You should be prepared to do your homework before installing a fork on your own. If you don't have time to spend reading about how to do it, you're better off paying your LBS to do it for you.ifouiripilay said:i'm getting a new fork and i'm debating wheather or not i should install it myself or not. i really like doing things and compreding the "how to's" but haven't had much time to read up on bike mechanics. does anyone mind give me a crash course on how to install a fork and what i need (ie, grease, tools, pipe cutter).
Below, at a high level, is what needs to be done. You will need more detailed information than this to do the job, but this will give you a rough idea of what's involved. The Park Tool site will be able to provide you with the details for each step.
- Remove the old fork from the bike. To do this, you will need to detach the brake from the fork, loosen the stem, and lift the stem plus handlebars off the steerer tube. There will probably be spacers and perhaps a few headset parts that'll need to be removed too.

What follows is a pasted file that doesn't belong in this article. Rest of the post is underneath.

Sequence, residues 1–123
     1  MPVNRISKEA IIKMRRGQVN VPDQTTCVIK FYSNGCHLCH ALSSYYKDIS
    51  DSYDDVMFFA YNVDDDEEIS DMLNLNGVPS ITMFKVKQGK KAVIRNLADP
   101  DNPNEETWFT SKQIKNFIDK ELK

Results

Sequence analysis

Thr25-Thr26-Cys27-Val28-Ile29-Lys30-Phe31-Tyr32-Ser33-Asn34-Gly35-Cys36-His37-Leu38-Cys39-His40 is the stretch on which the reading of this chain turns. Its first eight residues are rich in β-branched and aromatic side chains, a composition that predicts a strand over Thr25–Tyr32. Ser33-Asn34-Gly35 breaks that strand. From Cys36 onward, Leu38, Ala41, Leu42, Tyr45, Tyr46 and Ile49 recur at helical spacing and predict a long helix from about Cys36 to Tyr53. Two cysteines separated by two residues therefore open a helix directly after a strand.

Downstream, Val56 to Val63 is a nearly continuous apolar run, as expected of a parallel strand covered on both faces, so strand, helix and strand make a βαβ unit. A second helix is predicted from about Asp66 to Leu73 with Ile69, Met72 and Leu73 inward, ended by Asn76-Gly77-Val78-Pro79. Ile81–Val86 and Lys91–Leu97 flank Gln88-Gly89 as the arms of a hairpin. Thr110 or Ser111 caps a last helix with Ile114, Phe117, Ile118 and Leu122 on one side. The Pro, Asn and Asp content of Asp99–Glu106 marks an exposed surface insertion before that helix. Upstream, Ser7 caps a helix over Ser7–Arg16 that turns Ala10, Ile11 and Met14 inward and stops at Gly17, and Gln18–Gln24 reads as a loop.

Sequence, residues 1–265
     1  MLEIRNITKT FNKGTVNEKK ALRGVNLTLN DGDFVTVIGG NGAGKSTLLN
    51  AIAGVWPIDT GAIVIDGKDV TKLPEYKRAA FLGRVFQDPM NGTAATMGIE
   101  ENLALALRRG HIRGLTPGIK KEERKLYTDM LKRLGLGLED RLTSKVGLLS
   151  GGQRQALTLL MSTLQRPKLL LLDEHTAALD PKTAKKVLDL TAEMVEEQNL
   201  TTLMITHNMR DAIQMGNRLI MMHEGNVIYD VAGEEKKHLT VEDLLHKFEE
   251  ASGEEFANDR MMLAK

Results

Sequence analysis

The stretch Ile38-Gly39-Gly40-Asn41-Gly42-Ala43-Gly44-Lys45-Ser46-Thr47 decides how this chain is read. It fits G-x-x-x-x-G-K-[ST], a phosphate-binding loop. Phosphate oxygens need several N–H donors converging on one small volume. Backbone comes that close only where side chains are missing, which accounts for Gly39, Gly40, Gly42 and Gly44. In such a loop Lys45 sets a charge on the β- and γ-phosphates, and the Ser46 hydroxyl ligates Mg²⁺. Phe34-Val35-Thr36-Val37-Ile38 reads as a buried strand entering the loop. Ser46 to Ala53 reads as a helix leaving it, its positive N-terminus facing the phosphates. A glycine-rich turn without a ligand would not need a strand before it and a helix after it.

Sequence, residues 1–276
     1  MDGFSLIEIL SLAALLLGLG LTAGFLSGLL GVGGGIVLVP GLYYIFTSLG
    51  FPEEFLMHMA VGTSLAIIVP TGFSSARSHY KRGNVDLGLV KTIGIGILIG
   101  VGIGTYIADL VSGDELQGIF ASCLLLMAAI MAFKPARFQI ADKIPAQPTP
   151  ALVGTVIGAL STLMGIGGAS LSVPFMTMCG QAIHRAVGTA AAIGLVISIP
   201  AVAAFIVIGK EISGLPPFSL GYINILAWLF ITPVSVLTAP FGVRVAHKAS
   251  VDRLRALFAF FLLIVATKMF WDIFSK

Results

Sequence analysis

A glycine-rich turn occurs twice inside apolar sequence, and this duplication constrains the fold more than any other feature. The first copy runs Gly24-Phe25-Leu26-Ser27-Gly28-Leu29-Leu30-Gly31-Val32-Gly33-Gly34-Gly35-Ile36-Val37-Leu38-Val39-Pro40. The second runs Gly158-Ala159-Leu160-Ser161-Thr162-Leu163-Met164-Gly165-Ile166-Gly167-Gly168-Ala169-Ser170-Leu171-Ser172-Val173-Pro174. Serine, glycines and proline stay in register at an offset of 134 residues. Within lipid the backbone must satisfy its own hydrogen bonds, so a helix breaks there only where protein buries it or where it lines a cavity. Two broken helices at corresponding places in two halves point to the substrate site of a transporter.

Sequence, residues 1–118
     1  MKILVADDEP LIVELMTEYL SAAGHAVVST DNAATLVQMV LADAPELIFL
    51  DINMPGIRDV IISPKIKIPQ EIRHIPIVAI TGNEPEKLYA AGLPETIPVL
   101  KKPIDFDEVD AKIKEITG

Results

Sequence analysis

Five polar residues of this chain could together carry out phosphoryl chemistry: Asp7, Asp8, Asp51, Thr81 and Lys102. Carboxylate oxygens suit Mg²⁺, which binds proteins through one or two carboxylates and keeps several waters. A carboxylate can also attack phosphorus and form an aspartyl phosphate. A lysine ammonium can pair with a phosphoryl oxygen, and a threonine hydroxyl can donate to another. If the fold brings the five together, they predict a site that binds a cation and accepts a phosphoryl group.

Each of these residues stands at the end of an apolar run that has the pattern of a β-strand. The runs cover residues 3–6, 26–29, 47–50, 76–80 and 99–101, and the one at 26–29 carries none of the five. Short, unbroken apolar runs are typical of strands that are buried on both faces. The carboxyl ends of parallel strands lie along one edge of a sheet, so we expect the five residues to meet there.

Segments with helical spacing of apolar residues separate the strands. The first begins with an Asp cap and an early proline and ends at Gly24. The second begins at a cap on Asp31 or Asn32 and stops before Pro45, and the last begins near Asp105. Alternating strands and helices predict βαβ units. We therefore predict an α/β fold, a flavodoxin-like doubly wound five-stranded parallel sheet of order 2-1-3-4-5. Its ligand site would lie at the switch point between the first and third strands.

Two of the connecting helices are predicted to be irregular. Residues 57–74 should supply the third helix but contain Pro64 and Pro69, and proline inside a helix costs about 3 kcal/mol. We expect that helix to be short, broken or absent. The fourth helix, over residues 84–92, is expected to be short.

- Remove crown race from old fork and set aside for later. Depending on the fork and type of crown race, this can be either really hard, really easy, or somewhere in between. If it's really hard, you may want to visit your LBS and get help with it.
- Figure out how long the new steerer tube should be. If you like the height of your handlebars with the old fork, you can just measure the length of the old fork's steerer tube and transfer that measurement over to the new fork. If you're unsure, you can leave the new steerer tube a bit long and put extra spacers on the top. Regardless, be very careful with your measurements.
- Cut the steerer tube. Park makes a nice saw guide for use with a hacksaw. You can also make a DIY saw guide or use a pipe cutter.
- Install the crown race on the new fork. This step is usually somewhat easier than removing it. Once again, special tools are required, although it's possible to use homebrew tools for the job.
- Install the star nut in the fork. (This assumes that you're using a threadless headset.) You need a special tool for this too, though if you're resourceful enough you can probably fabricate your own.
- Put the new fork on the bike, reversing everything that you did in the first step. You'll need to adjust the headset at this point and make sure that the stem bolts are torqued the right amount.